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At this point, it seemed as though nothing could stand in the way of Carpathia’s success and prosperity. With so many performances at home, in Cleveland, and Chicago, the Carpathia Singing Society became well known in cultural circles. In the years that followed, the Elmwood Avenue hall was the site of many great concerts and plays, featuring famous soloists, musicians, and actors.At the General meeting on June 11, 1922, a change in the leadership of the Carpathia Singing Society took place as Peter Schock stepped down as president. From that time on, Schock remained in retirement from the activities of the Society. Instead, he devoted himself to his business and private affairs, through the hardships of the depression, until his death in 1939. In Schock’s place, longtime Vice-President, Jakob Noll, was elected Carpathia’s second president.
The accomplishments of Schock and the Carpathia Singing Society during these early years were both remarkable and plentiful: the building of the grand Elmwood Avenue hall; the rapid growth of the organization into a 1400 member society; the countless outstanding performances given by Carpathia members; the great and noble effort to promote German culture in America and help fellow countrymen in need. Yet, of all these accomplishments, Schock’s greatest achievement may have been to restore pride to a people once rejected by their Germanic brothers. It is very important that we not allow Schock’s effort to go to waste. We can do this through our own personal recognition and pride in our ancestry and culture. Don’t we owe that much to Schock and the Carpathia members that built the club?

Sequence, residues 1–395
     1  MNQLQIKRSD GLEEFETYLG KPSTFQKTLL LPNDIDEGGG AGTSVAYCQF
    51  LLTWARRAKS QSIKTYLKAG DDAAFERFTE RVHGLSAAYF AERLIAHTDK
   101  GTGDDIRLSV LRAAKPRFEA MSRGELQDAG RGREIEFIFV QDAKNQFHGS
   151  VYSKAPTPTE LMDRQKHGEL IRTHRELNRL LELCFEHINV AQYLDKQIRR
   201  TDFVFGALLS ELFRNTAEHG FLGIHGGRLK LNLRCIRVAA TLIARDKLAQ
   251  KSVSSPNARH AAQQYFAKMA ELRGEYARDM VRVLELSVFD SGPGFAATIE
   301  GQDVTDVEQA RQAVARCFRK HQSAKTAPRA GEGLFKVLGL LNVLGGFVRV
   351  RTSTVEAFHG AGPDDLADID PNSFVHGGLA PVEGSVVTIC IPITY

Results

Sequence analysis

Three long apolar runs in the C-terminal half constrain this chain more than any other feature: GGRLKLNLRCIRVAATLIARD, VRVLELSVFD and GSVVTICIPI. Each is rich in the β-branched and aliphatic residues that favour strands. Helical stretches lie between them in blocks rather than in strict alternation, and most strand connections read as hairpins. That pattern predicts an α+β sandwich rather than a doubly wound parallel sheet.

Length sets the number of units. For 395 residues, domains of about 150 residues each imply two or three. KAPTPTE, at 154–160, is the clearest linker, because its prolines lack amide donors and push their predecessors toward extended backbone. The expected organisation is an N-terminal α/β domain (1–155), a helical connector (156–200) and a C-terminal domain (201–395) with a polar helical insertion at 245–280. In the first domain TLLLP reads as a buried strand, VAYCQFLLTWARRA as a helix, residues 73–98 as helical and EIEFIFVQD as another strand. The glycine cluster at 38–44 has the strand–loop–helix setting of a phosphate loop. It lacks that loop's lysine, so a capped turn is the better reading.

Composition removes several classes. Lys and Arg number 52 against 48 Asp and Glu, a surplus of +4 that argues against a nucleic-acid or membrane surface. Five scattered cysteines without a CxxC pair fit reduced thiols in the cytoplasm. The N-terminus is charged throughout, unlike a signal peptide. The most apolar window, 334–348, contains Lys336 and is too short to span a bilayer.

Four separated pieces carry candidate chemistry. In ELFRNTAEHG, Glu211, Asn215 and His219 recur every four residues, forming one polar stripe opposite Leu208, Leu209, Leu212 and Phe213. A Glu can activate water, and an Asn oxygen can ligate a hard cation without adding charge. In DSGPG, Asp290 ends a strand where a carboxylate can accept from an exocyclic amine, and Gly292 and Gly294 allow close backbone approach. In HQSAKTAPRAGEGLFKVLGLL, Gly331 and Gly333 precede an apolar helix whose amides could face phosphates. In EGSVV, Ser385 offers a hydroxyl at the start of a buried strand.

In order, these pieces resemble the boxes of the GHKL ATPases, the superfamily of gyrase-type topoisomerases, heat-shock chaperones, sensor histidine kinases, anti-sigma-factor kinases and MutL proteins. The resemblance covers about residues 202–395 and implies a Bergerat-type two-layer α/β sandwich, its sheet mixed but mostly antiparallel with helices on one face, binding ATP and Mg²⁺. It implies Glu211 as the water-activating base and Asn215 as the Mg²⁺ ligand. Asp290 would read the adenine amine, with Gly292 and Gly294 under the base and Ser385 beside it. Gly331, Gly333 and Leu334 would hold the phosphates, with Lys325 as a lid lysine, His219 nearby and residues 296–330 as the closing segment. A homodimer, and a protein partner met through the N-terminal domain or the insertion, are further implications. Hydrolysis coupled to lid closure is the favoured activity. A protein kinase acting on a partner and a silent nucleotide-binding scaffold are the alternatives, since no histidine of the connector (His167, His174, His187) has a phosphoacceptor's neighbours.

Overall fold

Special thanks to Margaret (Schock) Callewaert, Barbara (Brenner) Knight, John Shemmel, Bill Lutsch, and Evelyn (Wilhelm) Till, who’s first-hand knowledge of the Elmwood Avenue hall has been invaluable._